A: Marshall was a master promoter, and during that era he left no stones unturned in making the Redskins the premier NFL attraction in the Southeast. He arranged for them to play exhibition games in such cities as Norfolk, Va., Winston Salem, N.C., Mobile, Ala., Memphis, Tenn., Shreveport, La., and Amarillo, Texas. He also launched a TV and radio network that broadcast Redskin games throughout the region. His slogan was, “The Redskins every Sunday … in your living room or at the stadium.” Plus, Marshall and his coaches specifically recruited college players from the South, one of the most notable being North Carolina's Charlie "Choo Choo" Justice, and instructed his veterans to hold speaking engagements in southern cities. Caravans of southern fans traveled to see the Redskins play in D.C., and other cities. Marshall's goal all along was simply to build and maintain a devoted fan base outside the Washington area. Today, despite the existence of the Atlanta Falcons, Carolina Panthers and New Orleans Saints, the Redskins are still a major attraction in pockets of the South, such as the Tidewater area in southeastern Virginia.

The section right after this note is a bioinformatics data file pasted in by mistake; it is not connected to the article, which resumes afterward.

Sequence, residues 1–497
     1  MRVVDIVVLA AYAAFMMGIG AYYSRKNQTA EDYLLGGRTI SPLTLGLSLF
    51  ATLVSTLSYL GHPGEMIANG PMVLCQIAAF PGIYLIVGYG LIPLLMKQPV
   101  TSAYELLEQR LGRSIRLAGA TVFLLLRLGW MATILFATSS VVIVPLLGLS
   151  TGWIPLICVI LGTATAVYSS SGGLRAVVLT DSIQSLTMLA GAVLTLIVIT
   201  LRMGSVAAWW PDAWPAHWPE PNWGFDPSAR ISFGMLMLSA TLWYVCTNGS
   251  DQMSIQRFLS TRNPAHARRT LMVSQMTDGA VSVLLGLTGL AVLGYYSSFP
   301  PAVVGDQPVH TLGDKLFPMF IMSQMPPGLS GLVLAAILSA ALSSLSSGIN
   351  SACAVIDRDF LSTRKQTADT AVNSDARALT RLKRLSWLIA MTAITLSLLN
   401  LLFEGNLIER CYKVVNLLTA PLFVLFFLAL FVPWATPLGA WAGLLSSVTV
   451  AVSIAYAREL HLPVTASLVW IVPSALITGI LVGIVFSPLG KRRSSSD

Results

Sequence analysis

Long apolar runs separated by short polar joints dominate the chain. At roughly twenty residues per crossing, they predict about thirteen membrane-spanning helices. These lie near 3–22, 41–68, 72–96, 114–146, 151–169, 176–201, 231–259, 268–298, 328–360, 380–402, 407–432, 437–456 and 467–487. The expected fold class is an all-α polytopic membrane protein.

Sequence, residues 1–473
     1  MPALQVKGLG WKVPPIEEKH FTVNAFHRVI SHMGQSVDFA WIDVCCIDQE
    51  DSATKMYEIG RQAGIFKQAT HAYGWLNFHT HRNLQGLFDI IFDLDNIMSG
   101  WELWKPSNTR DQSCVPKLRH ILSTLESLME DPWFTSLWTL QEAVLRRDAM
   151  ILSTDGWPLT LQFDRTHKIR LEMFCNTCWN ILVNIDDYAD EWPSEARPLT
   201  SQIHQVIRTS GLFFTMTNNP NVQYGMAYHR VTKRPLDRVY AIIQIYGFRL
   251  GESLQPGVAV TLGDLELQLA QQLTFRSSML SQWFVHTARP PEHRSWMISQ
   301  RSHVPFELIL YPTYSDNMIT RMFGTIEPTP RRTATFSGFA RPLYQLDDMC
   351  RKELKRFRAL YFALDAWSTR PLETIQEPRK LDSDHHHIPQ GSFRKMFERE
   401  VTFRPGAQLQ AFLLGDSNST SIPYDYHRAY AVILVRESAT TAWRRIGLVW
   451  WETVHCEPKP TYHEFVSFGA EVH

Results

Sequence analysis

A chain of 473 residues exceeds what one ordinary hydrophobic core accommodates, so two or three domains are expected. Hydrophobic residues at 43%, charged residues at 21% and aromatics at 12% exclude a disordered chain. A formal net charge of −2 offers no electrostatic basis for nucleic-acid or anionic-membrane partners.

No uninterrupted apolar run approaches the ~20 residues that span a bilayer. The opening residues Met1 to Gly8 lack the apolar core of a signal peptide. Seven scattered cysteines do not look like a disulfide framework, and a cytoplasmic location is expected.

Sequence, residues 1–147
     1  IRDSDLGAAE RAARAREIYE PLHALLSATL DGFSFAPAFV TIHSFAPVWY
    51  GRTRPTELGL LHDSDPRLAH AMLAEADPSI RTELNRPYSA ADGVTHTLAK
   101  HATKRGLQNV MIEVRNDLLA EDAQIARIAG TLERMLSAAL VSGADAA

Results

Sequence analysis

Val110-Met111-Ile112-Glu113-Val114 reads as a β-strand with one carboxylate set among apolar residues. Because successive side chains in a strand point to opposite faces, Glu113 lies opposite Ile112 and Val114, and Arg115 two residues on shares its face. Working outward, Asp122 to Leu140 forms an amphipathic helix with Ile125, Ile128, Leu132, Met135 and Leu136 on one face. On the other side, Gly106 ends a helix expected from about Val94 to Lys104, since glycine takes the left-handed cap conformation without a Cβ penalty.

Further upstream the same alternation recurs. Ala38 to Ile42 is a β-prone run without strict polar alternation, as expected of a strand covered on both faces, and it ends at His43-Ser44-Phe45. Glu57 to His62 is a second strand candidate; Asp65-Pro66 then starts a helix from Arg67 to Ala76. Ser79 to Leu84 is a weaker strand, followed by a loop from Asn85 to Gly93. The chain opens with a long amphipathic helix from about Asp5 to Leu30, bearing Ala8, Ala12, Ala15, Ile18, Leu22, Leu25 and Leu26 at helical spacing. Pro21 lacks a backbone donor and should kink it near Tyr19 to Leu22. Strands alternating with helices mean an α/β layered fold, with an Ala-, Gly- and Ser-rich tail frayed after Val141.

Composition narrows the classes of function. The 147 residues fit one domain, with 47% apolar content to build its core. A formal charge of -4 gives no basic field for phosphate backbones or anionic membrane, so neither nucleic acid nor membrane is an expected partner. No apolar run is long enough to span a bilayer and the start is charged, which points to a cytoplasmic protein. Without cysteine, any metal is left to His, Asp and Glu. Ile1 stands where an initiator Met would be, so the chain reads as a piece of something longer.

Q: The Redskins Encyclopedia is filled with interesting sidebars, such as the one about wrestler Andre the Giant once being considered for the team by George Allen, or Vince Promuto being a prankster off the field, shortsheeting beds. How did you find these stories, and is there a particularly outrageous one you discovered?